I occasionally post pictures of our homemade pizza dinners on Facebook (as I did last night) and without fail, I have people ask, "Do you have a good dough recipe?" When we moved to Tennessee we quickly (and sadly) realized that our pizza options were very limited where we live, the closest being about 20 miles away, and we had absolutely zero options when it came to delivery. Ryan and I fell in love over pizza and wine, literally. Every time we got together we ordered pizza and picked up a bottle of wine, and when we discovered that this staple, this symbol of our love was nowhere to be found in our new homeland, we were devastated. So I figured out how to make a decent pizza that's actually pretty darn good if I do say so myself.
A good pizza, I believe, involves a few things.
1. Fresh ingredients.
2. The flour makes a difference! I love a chewy crust. Bread flour gives this consistency.
3. A good pizza stone, set on the bottom rack of the oven, and preheated at 450 degrees for at least an hour before the first pizza goes in is essential.
4. And again, FRESH INGREDIENTS! If you use cheap, crappy ingredients, you'll get a cheap, crappy pizza. If you use fresh vegetables, tomatoes in the sauce, fresh cheese if possible, you'll get an outstanding pizza.
Final takeaway, the Italians are on to something with all the pizza and pasta they feed their big families. It is an economical way to make a great, nutritious meal that everyone loves.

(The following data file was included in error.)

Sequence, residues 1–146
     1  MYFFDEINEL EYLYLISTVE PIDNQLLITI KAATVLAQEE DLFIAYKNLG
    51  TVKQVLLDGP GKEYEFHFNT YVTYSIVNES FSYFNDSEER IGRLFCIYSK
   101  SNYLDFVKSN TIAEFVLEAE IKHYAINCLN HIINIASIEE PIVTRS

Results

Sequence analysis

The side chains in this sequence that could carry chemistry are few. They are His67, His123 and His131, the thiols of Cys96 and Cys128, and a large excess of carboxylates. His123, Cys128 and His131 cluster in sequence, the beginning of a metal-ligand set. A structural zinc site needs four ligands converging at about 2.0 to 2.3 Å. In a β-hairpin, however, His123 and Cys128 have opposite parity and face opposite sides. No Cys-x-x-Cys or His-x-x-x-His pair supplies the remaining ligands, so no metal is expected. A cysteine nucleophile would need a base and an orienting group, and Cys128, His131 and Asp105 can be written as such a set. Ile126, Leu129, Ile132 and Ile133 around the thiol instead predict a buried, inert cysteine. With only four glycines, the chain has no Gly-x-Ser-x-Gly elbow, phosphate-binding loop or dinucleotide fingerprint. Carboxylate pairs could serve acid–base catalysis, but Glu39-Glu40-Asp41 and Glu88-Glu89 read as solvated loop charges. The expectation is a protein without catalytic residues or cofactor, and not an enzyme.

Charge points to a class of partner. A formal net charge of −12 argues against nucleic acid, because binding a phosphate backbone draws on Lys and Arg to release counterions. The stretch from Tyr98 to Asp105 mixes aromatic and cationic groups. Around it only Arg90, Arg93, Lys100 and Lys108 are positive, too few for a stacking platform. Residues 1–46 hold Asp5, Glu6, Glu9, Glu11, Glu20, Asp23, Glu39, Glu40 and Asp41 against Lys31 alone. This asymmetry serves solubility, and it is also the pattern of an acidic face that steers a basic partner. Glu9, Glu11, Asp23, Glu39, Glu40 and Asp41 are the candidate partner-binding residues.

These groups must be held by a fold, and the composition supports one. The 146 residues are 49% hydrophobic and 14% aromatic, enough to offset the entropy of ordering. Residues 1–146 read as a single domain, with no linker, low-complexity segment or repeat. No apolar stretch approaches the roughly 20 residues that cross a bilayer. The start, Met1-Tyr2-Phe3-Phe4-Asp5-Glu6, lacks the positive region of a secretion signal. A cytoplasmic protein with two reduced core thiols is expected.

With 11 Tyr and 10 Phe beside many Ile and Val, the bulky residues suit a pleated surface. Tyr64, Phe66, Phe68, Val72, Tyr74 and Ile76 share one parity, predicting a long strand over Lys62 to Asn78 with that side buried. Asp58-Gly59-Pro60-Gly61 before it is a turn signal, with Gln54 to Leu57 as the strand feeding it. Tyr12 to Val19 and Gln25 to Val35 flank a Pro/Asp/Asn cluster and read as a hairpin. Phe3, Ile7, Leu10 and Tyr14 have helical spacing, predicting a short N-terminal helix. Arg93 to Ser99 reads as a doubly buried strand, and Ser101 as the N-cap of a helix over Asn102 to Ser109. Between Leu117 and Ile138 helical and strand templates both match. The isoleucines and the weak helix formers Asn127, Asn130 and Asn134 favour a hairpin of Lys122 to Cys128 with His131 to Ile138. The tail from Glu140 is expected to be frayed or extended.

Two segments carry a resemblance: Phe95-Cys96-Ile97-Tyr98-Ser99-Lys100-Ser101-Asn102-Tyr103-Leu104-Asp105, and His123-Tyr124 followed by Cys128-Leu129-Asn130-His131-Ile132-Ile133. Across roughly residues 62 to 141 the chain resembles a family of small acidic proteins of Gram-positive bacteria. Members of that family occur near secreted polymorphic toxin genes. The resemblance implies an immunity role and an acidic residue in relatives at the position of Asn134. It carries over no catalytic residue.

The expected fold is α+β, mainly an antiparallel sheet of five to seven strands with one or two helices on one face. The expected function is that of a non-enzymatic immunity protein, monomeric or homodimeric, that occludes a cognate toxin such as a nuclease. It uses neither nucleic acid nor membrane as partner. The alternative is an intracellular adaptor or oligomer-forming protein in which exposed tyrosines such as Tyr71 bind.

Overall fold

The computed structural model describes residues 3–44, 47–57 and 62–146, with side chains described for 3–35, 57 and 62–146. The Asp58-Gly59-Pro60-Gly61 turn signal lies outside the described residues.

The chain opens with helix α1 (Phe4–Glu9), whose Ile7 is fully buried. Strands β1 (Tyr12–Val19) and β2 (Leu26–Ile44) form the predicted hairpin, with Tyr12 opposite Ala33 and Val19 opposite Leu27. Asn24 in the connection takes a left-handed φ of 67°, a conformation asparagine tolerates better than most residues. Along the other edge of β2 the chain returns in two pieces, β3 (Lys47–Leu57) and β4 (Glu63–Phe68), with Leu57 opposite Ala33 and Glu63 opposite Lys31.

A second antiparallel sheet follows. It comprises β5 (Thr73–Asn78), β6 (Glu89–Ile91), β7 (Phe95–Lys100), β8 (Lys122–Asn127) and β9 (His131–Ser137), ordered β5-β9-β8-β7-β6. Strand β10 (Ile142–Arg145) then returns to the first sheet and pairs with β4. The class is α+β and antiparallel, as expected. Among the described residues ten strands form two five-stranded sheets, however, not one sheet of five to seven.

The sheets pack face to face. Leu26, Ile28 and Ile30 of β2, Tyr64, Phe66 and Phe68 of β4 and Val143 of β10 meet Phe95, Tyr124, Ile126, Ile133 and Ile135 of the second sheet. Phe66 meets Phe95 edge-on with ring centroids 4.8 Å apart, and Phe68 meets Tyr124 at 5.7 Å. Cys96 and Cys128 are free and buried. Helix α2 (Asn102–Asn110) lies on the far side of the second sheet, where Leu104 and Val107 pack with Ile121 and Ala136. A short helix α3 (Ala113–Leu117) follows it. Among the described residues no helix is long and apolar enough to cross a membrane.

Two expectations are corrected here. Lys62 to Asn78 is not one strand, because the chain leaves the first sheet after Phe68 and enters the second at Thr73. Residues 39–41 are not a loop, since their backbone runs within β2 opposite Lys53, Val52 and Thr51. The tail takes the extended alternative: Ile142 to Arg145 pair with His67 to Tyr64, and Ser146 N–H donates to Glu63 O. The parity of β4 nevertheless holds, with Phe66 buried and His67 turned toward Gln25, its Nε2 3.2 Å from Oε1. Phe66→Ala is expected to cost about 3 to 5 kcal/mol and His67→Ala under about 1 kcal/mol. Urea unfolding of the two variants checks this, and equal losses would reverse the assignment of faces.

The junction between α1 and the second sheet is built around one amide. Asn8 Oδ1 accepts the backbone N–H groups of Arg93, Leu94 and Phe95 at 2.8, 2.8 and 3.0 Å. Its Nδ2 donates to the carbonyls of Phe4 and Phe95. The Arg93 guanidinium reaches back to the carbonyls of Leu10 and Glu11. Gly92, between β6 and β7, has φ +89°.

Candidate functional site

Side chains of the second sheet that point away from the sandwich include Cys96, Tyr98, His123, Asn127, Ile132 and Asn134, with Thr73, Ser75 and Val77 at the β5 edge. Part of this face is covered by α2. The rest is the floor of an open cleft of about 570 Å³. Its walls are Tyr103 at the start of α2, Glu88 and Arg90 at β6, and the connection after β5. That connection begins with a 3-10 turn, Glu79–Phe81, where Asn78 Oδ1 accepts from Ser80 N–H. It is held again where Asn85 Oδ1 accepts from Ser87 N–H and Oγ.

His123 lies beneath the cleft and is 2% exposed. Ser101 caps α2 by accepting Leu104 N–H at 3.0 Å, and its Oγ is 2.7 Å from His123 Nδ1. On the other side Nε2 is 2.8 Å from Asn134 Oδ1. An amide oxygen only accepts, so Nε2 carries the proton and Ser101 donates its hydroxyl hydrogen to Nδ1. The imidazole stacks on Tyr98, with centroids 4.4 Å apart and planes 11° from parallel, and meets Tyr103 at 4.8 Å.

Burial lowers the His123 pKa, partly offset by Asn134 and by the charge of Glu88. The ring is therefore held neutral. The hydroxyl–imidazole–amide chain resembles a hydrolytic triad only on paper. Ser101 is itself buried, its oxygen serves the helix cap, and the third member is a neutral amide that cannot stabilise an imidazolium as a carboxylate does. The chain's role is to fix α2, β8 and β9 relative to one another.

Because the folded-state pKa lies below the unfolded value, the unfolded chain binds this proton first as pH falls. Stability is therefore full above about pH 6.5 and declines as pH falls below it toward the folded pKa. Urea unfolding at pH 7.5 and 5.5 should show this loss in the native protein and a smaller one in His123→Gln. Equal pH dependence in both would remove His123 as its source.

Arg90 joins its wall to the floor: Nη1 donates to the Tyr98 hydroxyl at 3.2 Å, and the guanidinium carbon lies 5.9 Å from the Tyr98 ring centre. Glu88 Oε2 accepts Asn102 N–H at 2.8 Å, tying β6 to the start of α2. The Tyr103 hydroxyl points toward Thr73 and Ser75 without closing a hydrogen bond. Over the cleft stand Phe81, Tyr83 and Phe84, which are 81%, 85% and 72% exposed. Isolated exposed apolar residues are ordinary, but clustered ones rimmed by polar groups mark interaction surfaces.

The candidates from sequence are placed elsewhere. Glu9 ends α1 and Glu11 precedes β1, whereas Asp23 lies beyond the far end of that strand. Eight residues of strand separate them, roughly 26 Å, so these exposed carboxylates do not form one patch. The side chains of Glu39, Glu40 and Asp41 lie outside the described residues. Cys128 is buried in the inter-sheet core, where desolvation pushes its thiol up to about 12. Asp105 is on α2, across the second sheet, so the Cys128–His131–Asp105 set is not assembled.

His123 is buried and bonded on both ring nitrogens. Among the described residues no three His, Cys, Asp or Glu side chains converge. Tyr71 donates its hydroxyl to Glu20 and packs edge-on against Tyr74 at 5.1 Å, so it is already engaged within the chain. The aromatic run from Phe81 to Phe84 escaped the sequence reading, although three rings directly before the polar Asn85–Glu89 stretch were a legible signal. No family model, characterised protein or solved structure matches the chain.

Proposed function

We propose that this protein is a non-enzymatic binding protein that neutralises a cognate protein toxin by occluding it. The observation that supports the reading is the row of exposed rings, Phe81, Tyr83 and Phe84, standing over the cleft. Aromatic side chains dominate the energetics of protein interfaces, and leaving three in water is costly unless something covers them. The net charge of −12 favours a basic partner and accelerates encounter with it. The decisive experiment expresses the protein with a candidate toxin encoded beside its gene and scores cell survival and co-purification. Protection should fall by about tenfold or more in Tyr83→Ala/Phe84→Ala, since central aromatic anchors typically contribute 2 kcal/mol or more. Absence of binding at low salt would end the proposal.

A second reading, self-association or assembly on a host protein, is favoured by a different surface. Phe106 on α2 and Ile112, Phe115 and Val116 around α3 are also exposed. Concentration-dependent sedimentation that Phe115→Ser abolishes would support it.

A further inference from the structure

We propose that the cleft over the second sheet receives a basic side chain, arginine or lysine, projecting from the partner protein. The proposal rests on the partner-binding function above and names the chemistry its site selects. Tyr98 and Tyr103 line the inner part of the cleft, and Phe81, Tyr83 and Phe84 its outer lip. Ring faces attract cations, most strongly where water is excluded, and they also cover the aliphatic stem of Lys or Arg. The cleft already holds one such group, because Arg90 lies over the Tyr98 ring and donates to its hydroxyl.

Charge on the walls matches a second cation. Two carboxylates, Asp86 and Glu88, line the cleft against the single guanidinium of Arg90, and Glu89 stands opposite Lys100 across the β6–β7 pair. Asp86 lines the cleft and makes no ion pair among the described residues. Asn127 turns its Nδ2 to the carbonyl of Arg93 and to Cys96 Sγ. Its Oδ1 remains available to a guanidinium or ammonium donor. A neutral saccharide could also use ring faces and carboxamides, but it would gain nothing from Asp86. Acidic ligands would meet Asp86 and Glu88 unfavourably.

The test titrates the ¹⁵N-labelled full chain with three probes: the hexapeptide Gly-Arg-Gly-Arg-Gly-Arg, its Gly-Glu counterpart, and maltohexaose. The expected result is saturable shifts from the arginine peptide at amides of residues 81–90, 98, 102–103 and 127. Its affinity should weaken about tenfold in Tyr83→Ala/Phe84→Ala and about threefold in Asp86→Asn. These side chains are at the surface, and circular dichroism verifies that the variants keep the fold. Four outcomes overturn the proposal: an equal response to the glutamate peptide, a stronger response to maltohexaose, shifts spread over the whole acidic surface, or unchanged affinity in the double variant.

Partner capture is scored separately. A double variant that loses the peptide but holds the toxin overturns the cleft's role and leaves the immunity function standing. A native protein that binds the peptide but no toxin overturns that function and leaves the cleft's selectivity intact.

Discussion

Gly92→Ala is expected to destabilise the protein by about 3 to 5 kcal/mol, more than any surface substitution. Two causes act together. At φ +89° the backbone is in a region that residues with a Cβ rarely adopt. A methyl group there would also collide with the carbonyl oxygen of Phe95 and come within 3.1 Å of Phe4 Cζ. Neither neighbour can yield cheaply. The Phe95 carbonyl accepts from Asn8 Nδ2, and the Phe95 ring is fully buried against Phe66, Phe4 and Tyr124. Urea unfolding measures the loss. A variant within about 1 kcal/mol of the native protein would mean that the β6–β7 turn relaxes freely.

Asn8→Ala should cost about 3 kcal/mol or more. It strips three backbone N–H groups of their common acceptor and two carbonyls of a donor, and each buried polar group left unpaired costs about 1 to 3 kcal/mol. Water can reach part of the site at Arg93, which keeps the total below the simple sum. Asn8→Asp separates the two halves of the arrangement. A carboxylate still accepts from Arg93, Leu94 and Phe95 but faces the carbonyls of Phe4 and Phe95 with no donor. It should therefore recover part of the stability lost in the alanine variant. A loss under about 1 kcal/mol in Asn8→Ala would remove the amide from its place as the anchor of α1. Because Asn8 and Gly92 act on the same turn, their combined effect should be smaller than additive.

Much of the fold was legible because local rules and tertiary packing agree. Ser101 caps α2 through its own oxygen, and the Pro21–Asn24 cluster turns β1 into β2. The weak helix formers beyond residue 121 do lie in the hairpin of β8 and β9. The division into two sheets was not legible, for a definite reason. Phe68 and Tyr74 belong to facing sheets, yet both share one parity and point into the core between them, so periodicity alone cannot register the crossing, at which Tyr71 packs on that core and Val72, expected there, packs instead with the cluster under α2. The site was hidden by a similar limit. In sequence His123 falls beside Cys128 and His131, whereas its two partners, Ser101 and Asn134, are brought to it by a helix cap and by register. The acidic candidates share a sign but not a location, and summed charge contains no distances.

Here is my go to recipe for dough and sauce. Both were concocted over the past two years through trial and error, taking bits and pieces of one recipe and adding it to another until I discovered something that worked for my family.
1 cup of crushed tomatoes to 1 TB of tomato paste. Combine. Add oregano, basil, red pepper flakes, salt and pepper to taste.
Dough- makes one large pizza
2 1/4 tea active dry yeast
3/4 cup plus one TB water, 100 to 115 Degrees F
1 tea salt
2 TB olive oil
1 TB honey or sugar
2 cups bread flour.
Stir the first five ingredients together in a large bowl. Let stand a few minutes until the yeast is bubbly. Add the flour, mix well, and then knead (a kitchen aid mixer is a lifesaver for this process!) for 5-10 minutes until dough is smooth and elastic. If it's too wet, add a little flour, it should not stick all over your fingers when you touch it, but you don't want too add too much flour because it will create a dry, hard crust. Be careful with the flour. After kneading, place in a well oiled bowl, cover and let rise until doubled in size. When doubled, punch down and place in the fridge until ready to use. At least one hour before use, remove from fridge so that the dough can begin to rewarm. I don't know scientifically why this step works, but it makes the best chewy pizza crust. If you like more of a soft, non chewy crust, skip the fridge part and move right into making and baking pizzas.